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Industry CEOs and Analysts Share Strategies for Emerging Construction Markets

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photo by tom sawyer/enr
Video by Tudor Van Hampton
Global Risk: The Challenges of International Projects
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As the construction industry pulls out of the global recession and AEC firms search for a new generation of talent, finding the right path forward to new opportunities is critical, said speakers at ENR's Global Construction Summit, held in New York on April 11.

Attended by CEOs and senior executives of some of the world's leading engineering and construction firms, the event reminded attendees of the importance of the construction industry that represents 10% of global GDP and generates $5 trillion in economic activity, as noted by Fluor Corp. CEO David Seaton, a keynote speaker. He said the firm's backlog now is 80% derived from global work.

Brazil, India and China continue to lead the way with opportunities, especially for building infrastructure and urbanization. But the challenges of competing with local firms are no less vexing. How will AEC firms meet demand and secure financing amid a chilled credit environment?

And don't write off the U.S. either, executives noted. "There's still a home-field advantage for U.S. firms for U.S. projects," said  industry analyst Jamie Cook, a managing director at Credit Suisse.

The change facing the industry is truly historic and the lessons are clear. Some themes follow.

Global Outlook: Wait Until 2014

Financial Guru Andrew Busch—Watch Debt-to-GDP Ratios

In his keynote address, Andrew Busch, global currency and public policy strategist for BMO Capital Markets, told the audience that sluggish growth is the best the industry can expect this year as it climbs out of the worst recession in a generation. "Uncertainty is the watchword this year," he said, noting that election- year politics are hampering bipartisan deals to reduce the country's debt.

Between the Supreme Court's review of the legality of the federal health-care law and a lack of clarity on rule-making with the Dodd-Frank financial regulation bill, companies are holding off on making investments or new hiring.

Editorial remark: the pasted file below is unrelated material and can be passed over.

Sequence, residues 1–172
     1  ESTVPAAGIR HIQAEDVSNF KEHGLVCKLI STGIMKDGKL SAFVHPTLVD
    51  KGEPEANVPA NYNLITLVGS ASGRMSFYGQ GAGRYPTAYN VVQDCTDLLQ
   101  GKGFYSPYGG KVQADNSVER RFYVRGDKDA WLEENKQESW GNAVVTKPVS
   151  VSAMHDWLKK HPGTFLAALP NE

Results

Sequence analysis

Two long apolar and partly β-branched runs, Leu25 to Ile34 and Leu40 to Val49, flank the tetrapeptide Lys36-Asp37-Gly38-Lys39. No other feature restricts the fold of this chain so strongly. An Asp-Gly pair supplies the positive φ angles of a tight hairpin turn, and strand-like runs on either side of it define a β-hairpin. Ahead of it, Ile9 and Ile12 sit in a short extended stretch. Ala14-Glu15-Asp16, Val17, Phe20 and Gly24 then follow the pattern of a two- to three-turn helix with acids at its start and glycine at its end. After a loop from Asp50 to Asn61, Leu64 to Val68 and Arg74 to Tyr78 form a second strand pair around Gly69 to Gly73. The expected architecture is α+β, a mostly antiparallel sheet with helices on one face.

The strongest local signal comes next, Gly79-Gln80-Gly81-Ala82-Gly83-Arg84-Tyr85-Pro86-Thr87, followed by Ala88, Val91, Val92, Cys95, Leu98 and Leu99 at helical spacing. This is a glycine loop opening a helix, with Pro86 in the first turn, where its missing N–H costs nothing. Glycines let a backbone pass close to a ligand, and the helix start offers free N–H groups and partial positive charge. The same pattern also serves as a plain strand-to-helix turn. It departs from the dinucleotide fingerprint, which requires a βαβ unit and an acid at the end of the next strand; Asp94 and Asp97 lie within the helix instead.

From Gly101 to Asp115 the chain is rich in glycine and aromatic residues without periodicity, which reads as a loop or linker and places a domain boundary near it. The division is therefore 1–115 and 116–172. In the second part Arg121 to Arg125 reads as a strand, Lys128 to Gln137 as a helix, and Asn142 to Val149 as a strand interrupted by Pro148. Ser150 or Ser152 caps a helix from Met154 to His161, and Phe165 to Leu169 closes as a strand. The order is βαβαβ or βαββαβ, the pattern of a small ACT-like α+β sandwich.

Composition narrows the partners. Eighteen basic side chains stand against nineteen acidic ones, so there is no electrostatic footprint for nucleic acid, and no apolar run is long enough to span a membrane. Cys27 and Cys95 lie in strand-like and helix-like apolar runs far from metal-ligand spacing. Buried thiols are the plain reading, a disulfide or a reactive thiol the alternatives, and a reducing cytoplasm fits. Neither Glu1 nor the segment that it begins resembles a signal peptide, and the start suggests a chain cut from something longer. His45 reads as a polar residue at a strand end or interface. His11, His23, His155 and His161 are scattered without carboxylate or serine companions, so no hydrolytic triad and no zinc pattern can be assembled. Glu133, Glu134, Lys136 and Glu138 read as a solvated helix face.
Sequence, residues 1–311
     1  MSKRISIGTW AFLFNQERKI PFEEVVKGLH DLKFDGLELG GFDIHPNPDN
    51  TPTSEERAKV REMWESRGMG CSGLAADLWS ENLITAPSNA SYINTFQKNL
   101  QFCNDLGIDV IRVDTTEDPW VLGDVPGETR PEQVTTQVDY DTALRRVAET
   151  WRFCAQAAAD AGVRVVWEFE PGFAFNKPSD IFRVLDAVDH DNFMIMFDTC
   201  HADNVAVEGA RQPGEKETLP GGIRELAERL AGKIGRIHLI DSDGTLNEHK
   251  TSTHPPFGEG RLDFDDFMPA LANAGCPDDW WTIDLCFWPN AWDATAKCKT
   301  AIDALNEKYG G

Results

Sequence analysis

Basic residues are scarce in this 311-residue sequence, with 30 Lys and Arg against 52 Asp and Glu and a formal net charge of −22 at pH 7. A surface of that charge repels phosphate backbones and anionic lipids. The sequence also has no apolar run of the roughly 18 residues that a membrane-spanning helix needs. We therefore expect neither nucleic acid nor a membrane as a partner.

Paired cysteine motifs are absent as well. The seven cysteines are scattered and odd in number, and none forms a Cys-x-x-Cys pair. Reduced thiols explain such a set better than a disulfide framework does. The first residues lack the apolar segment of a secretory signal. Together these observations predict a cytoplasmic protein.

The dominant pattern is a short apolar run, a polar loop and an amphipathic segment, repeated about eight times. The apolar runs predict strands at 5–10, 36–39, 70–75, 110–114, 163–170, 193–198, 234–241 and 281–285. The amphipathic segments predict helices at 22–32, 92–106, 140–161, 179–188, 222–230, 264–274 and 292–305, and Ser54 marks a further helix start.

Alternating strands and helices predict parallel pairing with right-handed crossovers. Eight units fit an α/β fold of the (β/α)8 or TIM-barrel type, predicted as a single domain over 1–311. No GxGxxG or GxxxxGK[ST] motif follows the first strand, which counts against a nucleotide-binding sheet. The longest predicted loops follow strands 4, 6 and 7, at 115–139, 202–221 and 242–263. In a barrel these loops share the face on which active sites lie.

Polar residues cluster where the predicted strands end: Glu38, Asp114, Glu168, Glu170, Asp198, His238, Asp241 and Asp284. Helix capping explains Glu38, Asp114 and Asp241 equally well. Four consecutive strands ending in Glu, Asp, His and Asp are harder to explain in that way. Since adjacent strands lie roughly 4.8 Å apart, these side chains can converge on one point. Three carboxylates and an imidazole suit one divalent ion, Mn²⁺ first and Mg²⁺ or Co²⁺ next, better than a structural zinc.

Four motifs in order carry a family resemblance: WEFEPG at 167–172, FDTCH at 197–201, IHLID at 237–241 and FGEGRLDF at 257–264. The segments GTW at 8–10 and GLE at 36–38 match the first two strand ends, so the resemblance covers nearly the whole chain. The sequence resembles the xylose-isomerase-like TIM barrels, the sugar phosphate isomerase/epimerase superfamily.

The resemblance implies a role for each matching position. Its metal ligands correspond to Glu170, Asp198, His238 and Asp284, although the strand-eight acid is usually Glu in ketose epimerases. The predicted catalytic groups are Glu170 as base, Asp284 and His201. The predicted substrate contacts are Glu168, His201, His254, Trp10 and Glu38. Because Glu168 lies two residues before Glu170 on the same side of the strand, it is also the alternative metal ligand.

Plus, "states are broke," Busch said. "There are lots of opportunities for [public-private partnerships] to do some things. But it really takes a focus of that state to be willing to do it. We're just not there yet for making it a friendly environment." Busch's outlook is to wait until 2014.

Wall Street’s View—Investors See E&C Growth But Worry About Risk, Corruption

Analysts of the industry's publicly traded firms say investors see potential in the E&C sector but with caveats. Avram Fisher, analyst for BMO Capital Markets, questioned whether U.S. firms can compete with global companies in meeting the demand for labor and technical talent.

Credit Suisse's Cook said investors are concerned about foreign corrupt practices and whether firms are shouldering too much project risk. She noted movement in P3 infrastructure work, but "it's not big enough to move the needle where I get excited."

KeyBanc Capital Markets analyst Tahira Afzal said projects would continue to get bigger. "In the U.S., at least, with so much approval required, it's better to build 2X than X," she said, referring to larger projects.

But Fisher noted the "critical importance" of financial liquidity in the market. "That's when construction happens," he said.

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